In the day-time, Trejago drove through his routine of office-work, or put on his calling-clothes and called on the ladies of the Station; wondering how long they would know him if they knew of poor little Bisesa. At night, when all the City was still, came the walk under the evil-smelling boorka, the patrol through Jitha Megji's bustee, the quick turn into Amir Nath's Gully between the sleeping cattle and the dead walls, and then, last of all, Bisesa, and the deep, even breathing of the old woman who slept outside the door of the bare little room that Durga Charan allotted to his sister's daughter. Who or what Durga Charan was, Trejago never inquired; and why in the world he was not discovered and knifed never occurred to him till his madness was over, and Bisesa . . . But this comes later.

Bisesa was an endless delight to Trejago. She was as ignorant as a bird; and her distorted versions of the rumors from the outside world that had reached her in her room, amused Trejago almost as much as her lisping attempts to pronounce his name—"Christopher." The first syllable was always more than she could manage, and she made funny little gestures with her rose-leaf hands, as one throwing the name away, and then, kneeling before Trejago, asked him, exactly as an Englishwoman would do, if he were sure he loved her. Trejago swore that he loved her more than any one else in the world. Which was true.

After a month of this folly, the exigencies of his other life compelled Trejago to be especially attentive to a lady of his acquaintance. You may take it for a fact that anything of this kind is not only noticed and discussed by a man's own race, but by some hundred and fifty natives as well. Trejago had to walk with this lady and talk to her at the Band-stand, and once or twice to drive with her; never for an instant dreaming that this would affect his dearer out-of-the-way life. But the news flew, in the usual mysterious fashion, from mouth to mouth, till Bisesa's duenna heard of it and told Bisesa. The child was so troubled that she did the household work evilly, and was beaten by Durga Charan's wife in consequence.

A week later, Bisesa taxed Trejago with the flirtation. She understood no gradations and spoke openly. Trejago laughed and Bisesa stamped her little feet—little feet, light as marigold flowers, that could lie in the palm of a man's one hand.

Much that is written about "Oriental passion and impulsiveness" is exaggerated and compiled at second-hand, but a little of it is true; and when an Englishman finds that little, it is quite as startling as any passion in his own proper life. Bisesa raged and stormed, and finally threatened to kill herself if Trejago did not at once drop the alien Memsahib who had come between them. Trejago tried to explain, and to show her that she did not understand these things from a Western standpoint. Bisesa drew herself up, and said simply:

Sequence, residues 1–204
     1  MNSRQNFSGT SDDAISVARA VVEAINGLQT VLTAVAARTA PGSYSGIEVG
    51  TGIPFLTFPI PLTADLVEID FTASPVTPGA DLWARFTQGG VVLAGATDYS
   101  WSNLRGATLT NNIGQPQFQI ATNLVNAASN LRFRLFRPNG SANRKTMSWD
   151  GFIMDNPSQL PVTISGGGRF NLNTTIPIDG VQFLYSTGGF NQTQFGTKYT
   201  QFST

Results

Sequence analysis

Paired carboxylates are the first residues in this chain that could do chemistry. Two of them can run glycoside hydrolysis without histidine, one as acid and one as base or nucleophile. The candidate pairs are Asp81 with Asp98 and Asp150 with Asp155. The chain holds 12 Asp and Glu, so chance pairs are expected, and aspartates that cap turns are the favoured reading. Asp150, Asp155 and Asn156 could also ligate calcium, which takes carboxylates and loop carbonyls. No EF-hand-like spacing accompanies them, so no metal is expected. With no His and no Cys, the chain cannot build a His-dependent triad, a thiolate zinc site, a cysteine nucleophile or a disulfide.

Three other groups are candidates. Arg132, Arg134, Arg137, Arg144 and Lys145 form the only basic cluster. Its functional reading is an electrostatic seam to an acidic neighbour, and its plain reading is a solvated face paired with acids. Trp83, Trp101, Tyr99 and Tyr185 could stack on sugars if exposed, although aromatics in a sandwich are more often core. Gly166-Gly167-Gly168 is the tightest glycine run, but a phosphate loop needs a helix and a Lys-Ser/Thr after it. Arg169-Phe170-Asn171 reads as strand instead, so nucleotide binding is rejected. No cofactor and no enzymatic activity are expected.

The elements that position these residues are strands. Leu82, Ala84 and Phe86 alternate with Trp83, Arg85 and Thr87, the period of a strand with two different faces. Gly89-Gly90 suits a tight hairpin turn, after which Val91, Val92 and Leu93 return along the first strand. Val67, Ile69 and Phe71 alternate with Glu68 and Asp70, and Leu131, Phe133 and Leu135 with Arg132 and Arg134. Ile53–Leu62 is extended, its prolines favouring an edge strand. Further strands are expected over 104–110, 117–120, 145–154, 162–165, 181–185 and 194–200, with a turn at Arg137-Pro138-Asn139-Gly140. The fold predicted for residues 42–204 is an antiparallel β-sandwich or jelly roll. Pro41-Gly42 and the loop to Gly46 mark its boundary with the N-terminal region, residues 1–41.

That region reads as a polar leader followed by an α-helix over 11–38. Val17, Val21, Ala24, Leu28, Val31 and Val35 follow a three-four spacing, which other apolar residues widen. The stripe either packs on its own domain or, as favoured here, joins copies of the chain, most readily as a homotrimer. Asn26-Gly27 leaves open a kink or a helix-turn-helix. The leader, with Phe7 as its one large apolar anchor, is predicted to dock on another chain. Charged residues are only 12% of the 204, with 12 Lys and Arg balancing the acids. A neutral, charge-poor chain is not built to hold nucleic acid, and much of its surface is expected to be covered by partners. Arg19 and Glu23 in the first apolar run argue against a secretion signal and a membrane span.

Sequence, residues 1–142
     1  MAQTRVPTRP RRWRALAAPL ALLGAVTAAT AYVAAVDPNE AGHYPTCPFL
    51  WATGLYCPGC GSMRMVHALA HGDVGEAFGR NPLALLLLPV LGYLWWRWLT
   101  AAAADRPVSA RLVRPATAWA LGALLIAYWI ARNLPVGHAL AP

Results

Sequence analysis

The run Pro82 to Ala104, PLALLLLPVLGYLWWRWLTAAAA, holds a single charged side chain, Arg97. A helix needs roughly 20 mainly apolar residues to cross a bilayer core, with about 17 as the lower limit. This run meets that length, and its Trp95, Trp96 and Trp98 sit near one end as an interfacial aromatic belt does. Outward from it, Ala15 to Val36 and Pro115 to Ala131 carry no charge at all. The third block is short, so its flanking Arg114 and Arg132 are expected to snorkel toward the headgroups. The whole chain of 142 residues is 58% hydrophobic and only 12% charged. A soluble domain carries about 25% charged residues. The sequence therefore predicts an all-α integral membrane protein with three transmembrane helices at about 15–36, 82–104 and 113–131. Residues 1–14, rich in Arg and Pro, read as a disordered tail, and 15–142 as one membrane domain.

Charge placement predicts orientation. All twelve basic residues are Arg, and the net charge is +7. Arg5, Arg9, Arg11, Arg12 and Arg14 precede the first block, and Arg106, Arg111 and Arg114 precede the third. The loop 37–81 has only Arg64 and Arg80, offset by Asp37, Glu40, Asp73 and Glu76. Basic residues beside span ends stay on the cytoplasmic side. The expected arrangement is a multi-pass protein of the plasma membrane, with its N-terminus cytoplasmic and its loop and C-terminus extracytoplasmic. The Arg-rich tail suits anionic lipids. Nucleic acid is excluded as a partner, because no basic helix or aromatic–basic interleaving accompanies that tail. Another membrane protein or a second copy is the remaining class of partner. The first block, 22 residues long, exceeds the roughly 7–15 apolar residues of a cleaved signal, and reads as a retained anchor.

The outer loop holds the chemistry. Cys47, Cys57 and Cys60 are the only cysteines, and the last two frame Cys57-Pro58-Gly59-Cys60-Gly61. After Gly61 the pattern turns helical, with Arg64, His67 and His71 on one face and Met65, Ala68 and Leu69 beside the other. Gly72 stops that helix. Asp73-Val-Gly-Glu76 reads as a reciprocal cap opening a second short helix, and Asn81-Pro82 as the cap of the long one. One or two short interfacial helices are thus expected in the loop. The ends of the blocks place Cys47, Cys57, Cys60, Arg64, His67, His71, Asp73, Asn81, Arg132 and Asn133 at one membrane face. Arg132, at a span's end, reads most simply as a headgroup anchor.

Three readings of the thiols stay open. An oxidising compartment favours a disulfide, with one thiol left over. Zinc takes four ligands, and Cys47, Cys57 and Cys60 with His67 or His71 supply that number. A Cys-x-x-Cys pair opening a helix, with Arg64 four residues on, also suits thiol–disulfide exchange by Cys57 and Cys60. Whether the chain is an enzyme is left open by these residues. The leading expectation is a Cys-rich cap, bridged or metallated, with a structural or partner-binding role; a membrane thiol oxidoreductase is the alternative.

"I do not. I know only this—it is not good that I should have made you dearer than my own heart to me, Sahib. You are an Englishman. I am only a black girl"—she was fairer than bar-gold in the Mint— "and the widow of a black man."

Then she sobbed and said: "But on my soul and my Mother's soul, I love you. There shall no harm come to you, whatever happens to me."

Trejago argued with the child, and tried to soothe her, but she seemed quite unreasonably disturbed. Nothing would satisfy her save that all relations between them should end. He was to go away at once. And he went. As he dropped out at the window, she kissed his forehead twice, and he walked away wondering.

A week, and then three weeks, passed without a sign from Bisesa. Trejago, thinking that the rupture had lasted quite long enough, went down to Amir Nath's Gully for the fifth time in the three weeks, hoping that his rap at the sill of the shifting grating would be answered. He was not disappointed.

There was a young moon, and one stream of light fell down into Amir Nath's Gully, and struck the grating, which was drawn away as he knocked. From the black dark, Bisesa held out her arms into the moonlight. Both hands had been cut off at the wrists, and the stumps were nearly healed.

Then, as Bisesa bowed her head between her arms and sobbed, some one in the room grunted like a wild beast, and something sharp—knife, sword or spear—thrust at Trejago in his boorka. The stroke missed his body, but cut into one of the muscles of the groin, and he limped slightly from the wound for the rest of his days.

The grating went into its place. There was no sign whatever from inside the house—nothing but the moonlight strip on the high wall, and the blackness of Amir Nath's Gully behind.

The next thing Trejago remembers, after raging and shouting like a madman between those pitiless walls, is that he found himself near the river as the dawn was breaking, threw away his boorka and went home bareheaded.

What the tragedy was—whether Bisesa had, in a fit of causeless despair, told everything, or the intrigue had been discovered and she tortured to tell, whether Durga Charan knew his name, and what became of Bisesa—Trejago does not know to this day. Something horrible had happened, and the thought of what it must have been comes upon Trejago in the night now and again, and keeps him company till the morning. One special feature of the case is that he does not know where lies the front of Durga Charan's house. It may open on to a courtyard common to two or more houses, or it may lie behind any one of the gates of Jitha Megji's bustee. Trejago cannot tell. He cannot get Bisesa—poor little Bisesa—back again. He has lost her in the City, where each man's house is as guarded and as unknowable as the grave; and the grating that opens into Amir Nath's Gully has been walled up.

But Trejago pays his calls regularly, and is reckoned a very decent sort of man.

There is nothing peculiar about him, except a slight stiffness, caused by a riding-strain, in the right leg.